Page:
At the first Academy Awards ceremony, William A. Wellman’s Wings won the Oscar for the Most Outstanding Production of 1927/1928, which makes it all the more surprising that the film became lost for years until the 1960s when a nitrate print was found at the Cinematheque Francaise in Paris. Paramount better understands how to care for their legacy and have created an impressive high-definition transfer of the film
Wings opens in 1917 as World War I rages. Two young men, Jack Powell (Charles “Buddy” Rogers) and David Armstrong (Richard Arlen), both from the same unnamed small town and rivals for the affections of Sylvia Lewis (Jobyna Ralston), join the Air Service to become fighter pilots. Jack is unaware Sylvia prefers David, though she doesn’t make her feelings clear since he’s off to war, and he doesn’t grasp how much Mary Preston (Clara Bow) desires him. In fact, Mary is so in love with Jack she too enlists and becomes an ambulance driver.
The pilot training Jack and David endure is intense and not everyone survives, like Cadet White (Gary Cooper), but it brings them closer together. They respect each other’s abilities and become friends. While on leave in Paris, Mary finds Jack celebrating but he is so drunk he doesn’t recognize her. The film’s last major fight is the Battle of Saint-Mihiel and during this sequence a great plot twist occurs that has great ramification on the two men.
Although the films suffers at times due to its age, from its story and acting being melodramatic to the pacing over its 144-minute runtime not always being engaging, “Wings is thoroughly captivating during the action sequences. The pilots and actors do the most amazing plane stunts that to this day have not been topped and likely never will be. It’s stunning to see what is taking place less than 25 after the Wright Brothers made history in Kitty Hawk, North Carolina, and there’s no surprise to learn from one of the Special features that stuntman Dick Grace broke his neck during a crash that went wrong. There are also great bits of destruction on display as bombs are dropped and buildings blown up.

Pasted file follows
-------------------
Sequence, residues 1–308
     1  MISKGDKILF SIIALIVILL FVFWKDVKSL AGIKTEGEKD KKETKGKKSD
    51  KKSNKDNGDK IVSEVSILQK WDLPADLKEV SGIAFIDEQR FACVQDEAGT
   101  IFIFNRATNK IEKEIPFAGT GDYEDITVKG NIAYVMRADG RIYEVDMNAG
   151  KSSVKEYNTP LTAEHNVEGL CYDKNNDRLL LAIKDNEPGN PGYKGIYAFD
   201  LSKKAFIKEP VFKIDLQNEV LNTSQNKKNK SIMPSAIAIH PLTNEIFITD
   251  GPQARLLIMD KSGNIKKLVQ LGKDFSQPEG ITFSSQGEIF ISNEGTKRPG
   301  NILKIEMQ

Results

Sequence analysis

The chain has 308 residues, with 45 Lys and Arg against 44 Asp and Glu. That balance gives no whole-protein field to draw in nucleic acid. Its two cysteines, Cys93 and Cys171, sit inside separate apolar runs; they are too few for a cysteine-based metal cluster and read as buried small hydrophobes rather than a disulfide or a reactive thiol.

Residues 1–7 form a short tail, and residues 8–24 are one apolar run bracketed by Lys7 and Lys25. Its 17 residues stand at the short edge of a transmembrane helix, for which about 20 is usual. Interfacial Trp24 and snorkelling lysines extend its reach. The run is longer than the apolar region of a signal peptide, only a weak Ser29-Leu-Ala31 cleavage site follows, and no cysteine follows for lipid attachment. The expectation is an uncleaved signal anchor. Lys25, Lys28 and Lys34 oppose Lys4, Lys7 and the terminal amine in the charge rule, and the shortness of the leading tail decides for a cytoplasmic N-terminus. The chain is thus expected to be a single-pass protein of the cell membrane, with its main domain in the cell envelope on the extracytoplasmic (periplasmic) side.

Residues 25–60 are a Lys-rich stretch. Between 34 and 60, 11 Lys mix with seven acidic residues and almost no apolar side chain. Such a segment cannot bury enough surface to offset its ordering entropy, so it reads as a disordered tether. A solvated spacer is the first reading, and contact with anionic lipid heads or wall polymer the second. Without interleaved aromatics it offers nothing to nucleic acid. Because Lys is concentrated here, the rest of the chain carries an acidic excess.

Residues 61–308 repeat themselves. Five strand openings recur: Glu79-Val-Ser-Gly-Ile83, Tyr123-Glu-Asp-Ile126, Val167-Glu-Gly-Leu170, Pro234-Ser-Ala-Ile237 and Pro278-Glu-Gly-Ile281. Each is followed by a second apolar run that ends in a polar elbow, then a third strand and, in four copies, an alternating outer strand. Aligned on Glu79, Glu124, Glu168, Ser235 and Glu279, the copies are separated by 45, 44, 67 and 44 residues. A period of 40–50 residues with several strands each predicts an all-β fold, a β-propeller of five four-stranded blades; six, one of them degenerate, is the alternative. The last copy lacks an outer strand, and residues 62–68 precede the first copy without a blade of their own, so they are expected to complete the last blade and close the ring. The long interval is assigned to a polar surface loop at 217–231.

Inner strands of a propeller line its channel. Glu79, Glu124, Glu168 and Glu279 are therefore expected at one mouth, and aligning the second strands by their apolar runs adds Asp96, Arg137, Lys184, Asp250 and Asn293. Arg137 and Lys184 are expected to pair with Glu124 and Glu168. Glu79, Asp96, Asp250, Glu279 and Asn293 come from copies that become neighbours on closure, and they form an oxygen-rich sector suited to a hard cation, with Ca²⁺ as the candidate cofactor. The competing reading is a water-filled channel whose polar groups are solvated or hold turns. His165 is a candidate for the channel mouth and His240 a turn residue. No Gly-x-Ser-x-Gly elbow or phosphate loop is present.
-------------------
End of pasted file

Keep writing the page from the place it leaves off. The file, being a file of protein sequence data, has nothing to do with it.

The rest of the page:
The disc loads to a menu where the viewer has to choose between the 5.1 DTS-HD Master Audio with a re-recorded original score and sound effects by Ben Burtt or the 2.0 Stereo Dolby Digital track with a pipe organ score. The former is five minutes longer and has an overture before the film starts. I was very disappointed to discover the audio channels can’t be switched while the film plays. The score heard on the 5.1 fills the surrounds. Burtt does impressive work as the effects are well placed and move through space. After watching the film with effects, the music-only 2.0 version is not as satisfying.
The video has been given a 1080p/MPEG-4 AVC transfer displayed at 1.33:1. The image has great clarity of details and textures for the most part with rare moments of soft focus, likely a result of the source. Some scenes are grainier than others, and damage is evident on occasion, such as marks and scratches to the print and brief light flicker. Amber and violet tint effects were used and the colors appear vibrant. Also, the Handschiegl color process was applied for flames and explosions and has been recreated through applied bits of orange.
The Blu-ray comes with three Special Features, all in high definition. “Wings: Grandeur in the Sky” (36 min) is great for fans as a group of experts provide the history of how the film got made, covering subjects like the people responsible and the U.S. military working with Hollywood for the first time. The restoration of the picture and sound are examined in “Restoring the Power and Beauty of Wings” (14 min). “Dogfight!” (13 min) finds aviation devotees talking about airplanes and pilots from WWI.
Wings will transport you into the wild Blu-ray yonder with the first-class, high-definition treatment this wonderful bit of film history has been given. Schedule a trip soon.